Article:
Most of the information we currently know about Swan Meadow comes from its Maryland Historical Trust document and from documents concerning its “twin” home down the road (you can also view the twin, Ivingo, in the book “The Vanishing Landscape” by Shirley Hampton Hunt which we coincidentally purchased years ago as a coffee table book and were so excited to find it in there!). You can view that in its entirety here.

Swan Meadow is nearly a twin house of one very similar up the road called Ivingo. It is assumed that Swan Meadow was built by the Merritt Family sometime around 1880 — it doesn’t show up on the 1877 atlas of Kent County, so we have to presume it was built after that. Swan Meadow is considered a “Gothic Revival Victorian.” This was the beginning of a time when the “box-like” victorians were coming out of style and adding bay windows such as this home were what was in fashion.

What likely allowed this house to be built was Kent County was going through a heightened prosperity at the time due to a successful peach crop. After the Civil War, much of the land surrounding Swan Meadow was filled with peach orchards (and pear as well!)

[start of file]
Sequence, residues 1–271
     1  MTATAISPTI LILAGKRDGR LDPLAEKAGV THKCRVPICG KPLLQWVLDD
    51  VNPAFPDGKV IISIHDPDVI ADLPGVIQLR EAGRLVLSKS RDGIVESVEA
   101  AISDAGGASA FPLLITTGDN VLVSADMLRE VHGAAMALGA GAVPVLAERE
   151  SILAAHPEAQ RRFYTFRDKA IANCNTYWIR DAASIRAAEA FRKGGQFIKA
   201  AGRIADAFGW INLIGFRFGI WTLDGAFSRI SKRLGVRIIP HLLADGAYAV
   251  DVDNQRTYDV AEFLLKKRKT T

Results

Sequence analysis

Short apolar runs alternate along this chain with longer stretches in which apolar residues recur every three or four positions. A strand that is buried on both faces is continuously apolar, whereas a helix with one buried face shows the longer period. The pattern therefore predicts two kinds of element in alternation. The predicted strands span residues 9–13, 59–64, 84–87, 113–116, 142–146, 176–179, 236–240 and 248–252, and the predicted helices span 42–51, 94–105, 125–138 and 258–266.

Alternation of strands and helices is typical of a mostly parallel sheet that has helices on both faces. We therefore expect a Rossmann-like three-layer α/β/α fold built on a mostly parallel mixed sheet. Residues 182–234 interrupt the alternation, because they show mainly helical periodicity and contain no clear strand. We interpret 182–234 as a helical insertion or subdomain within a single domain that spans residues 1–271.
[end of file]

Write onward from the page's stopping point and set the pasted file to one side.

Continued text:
The name “Ivingo” is actually dedicated to the 210 acre parcel that was taken from Kent Manor in 1708, in which William Merritt purchased from James Burgan. Merritt was a revolutionary hero that is actually buried at Shrewsbury Church, which is nearby Swan Meadow! The property remained in the Merritt family for roughly over one hundred years until it was sold in 1908, in which Swan Meadow was then sold with its smaller acreage.

Swan Meadow, view from the southeast, 1985
Swan Meadow, view from the northwest, 1985

What is pretty amazing to us thus far in learning the history of the house that actually only three other family lines have owned this home, so we are the fourth family to live in Swan Meadow since it was built in the late 1880s! How crazy is that?!